In order to make it
easier to work on the body, I decided to build a body buck. First
steps was to lay out the various attach points for the finished buck so I
could derive the necessary measurements for the buck. I have four
attach points, the two pictured above and two in the trunk area just forward
of the fuel tank.
After about 3 hours
work and $100 of steel tubing, this is the result.
Now the body is at
working height and is easily moved around the shop. Since I plan to
have the body finished off the frame, this buck is even more necessary so I
can transport the body to and from the painter.
In preparation for
installing the headlights, I installed replacement HID bulbs and
receptacles. The old style headlights provide barely adequate lighting
at night. The bulb and receptacle are drop-in replacements so it's a
To aid in marking and
cutting the hole, I first sanded the area flat and I scuffed up the gelcoat.
I then layed out a circle in the center of the opening that matched the
diameter of the headlight housing.
I cut the circle out with a sabre saw and then marked the indentations for the fixture. I used my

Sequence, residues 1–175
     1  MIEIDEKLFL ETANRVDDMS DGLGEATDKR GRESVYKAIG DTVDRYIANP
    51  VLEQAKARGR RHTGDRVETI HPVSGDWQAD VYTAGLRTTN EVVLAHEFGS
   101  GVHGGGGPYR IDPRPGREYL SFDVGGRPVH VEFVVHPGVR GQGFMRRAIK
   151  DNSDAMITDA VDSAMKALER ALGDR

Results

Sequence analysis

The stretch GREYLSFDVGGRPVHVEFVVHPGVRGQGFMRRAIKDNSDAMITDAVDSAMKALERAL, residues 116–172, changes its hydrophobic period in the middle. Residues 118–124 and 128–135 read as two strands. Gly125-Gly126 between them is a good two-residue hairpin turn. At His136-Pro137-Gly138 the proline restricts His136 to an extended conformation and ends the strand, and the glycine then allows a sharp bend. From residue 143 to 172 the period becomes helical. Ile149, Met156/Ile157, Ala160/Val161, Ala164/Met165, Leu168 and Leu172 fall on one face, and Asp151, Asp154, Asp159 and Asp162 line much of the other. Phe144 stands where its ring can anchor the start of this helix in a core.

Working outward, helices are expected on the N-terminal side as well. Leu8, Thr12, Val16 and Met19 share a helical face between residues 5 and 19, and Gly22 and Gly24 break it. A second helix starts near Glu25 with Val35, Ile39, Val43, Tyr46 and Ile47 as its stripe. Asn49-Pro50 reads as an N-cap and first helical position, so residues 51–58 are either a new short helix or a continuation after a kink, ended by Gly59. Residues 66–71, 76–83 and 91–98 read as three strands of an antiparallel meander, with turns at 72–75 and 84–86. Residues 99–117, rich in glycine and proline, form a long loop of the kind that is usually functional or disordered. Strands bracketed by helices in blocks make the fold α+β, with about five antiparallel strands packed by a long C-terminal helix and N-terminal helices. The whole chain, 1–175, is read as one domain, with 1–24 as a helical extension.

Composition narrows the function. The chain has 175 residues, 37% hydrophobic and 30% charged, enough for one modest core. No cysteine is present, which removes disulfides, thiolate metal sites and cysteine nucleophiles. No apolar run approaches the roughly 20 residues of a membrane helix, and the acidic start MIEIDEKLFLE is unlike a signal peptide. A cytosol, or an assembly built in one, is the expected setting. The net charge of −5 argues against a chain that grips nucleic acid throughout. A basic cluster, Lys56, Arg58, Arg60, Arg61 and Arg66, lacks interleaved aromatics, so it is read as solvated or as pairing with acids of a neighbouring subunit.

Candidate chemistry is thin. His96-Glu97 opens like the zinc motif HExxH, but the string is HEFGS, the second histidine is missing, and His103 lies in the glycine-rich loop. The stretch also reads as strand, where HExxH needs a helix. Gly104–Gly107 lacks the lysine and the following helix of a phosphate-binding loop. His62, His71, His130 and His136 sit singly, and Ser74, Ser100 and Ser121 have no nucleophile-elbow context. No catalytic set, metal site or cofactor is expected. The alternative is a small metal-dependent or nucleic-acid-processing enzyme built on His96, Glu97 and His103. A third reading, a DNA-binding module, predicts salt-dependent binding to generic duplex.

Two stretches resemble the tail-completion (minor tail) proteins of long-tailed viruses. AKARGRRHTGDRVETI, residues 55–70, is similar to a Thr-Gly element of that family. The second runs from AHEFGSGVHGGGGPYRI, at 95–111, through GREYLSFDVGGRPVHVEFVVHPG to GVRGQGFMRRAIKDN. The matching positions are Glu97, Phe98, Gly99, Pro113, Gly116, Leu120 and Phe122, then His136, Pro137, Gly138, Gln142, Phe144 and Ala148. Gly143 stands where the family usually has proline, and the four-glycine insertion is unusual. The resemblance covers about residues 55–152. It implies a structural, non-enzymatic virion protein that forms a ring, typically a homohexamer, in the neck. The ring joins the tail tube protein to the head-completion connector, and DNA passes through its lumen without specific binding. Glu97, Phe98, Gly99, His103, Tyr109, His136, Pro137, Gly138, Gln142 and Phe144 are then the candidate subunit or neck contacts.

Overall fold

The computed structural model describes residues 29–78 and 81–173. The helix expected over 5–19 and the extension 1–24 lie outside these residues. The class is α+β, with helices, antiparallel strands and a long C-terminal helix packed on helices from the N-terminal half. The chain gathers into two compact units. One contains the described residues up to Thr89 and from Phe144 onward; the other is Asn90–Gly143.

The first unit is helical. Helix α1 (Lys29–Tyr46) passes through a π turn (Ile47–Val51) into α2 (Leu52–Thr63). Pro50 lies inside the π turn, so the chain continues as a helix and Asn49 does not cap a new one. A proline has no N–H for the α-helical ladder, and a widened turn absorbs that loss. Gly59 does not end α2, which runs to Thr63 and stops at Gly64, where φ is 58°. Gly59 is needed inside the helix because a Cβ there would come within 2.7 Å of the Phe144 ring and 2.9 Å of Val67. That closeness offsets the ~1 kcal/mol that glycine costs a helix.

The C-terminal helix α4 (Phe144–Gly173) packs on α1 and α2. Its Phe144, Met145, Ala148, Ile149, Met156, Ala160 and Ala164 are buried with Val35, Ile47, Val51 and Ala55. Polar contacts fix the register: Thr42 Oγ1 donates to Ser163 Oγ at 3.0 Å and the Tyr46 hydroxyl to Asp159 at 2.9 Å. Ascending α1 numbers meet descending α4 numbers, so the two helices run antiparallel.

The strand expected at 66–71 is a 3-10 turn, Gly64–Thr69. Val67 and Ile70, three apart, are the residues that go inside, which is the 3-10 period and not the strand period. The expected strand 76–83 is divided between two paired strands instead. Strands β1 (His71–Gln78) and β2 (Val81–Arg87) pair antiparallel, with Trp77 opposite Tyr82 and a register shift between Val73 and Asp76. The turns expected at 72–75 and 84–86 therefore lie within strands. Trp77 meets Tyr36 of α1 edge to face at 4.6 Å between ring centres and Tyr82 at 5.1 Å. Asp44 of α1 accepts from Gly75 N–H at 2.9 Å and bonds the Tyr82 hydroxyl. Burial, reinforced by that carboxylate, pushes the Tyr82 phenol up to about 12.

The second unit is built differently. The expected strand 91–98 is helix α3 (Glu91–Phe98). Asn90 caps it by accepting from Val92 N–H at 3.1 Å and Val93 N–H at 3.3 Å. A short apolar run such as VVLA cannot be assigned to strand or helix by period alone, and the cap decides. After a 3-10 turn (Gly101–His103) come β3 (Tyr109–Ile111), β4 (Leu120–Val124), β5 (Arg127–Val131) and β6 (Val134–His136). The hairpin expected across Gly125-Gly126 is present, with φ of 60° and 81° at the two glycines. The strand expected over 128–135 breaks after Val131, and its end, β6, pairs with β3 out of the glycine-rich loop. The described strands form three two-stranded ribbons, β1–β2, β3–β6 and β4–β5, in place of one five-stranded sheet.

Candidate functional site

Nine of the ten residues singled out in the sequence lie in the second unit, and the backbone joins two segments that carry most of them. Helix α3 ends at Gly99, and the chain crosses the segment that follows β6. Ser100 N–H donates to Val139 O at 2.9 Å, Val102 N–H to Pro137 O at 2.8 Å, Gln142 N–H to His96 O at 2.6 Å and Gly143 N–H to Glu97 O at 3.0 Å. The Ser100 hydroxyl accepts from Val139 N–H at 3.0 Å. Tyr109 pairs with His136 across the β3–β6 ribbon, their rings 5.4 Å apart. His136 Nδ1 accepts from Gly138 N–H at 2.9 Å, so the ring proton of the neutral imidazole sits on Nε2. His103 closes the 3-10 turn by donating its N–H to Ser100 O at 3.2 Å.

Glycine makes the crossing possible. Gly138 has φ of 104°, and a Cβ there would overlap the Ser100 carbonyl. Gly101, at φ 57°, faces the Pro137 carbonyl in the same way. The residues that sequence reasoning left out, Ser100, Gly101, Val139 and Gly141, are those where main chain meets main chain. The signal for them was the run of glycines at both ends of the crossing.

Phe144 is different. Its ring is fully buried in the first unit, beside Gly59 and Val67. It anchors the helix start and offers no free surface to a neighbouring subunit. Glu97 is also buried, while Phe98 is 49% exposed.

Dremel tool with a grinding bit to cut out these areas.
The light fixture fit
right in. It it held on with self-tapping screws into the fiberglass.
Make sure to drill a pilot hole first otherwise the screw will crack the
fiberglass as it goes in. Also, I only installed three of the eight
screws for now and will wait until final assembly to install all of them.
To get the tail lights
centered in their opening, I first sanded the area flat. I laid out a
circle the approximate size of the light fixture and used it to find the
location of the center hole.
Using a hole saw, I
drilled out the opening for the fixture itself.
From there it is a
simple process of mounting the fixtures using self tapping screws and
re-attaching the lenses using the rubber mounting flanges. The front
lights are mounted in exactly the same manner.
While fitting the body
and positioning the radiator, the scoop was fitted. I cut the front
opening roughly and used it to see inside to position the hood.
I determined that my
engine sits too high and that the inner liner of the hood interferes with
the air filter. I cut the inner liner out from around the scoop area
to get an initial fit.
I filled the corners
with micro-filler and applied one layer of fiberglass cloth to the scoop to
hold the inner and outer liners together. The body guy will finish
this up during the paint process.
Next step is to
install the floor pans into the cockpit area of the body. That work
begins on the next page.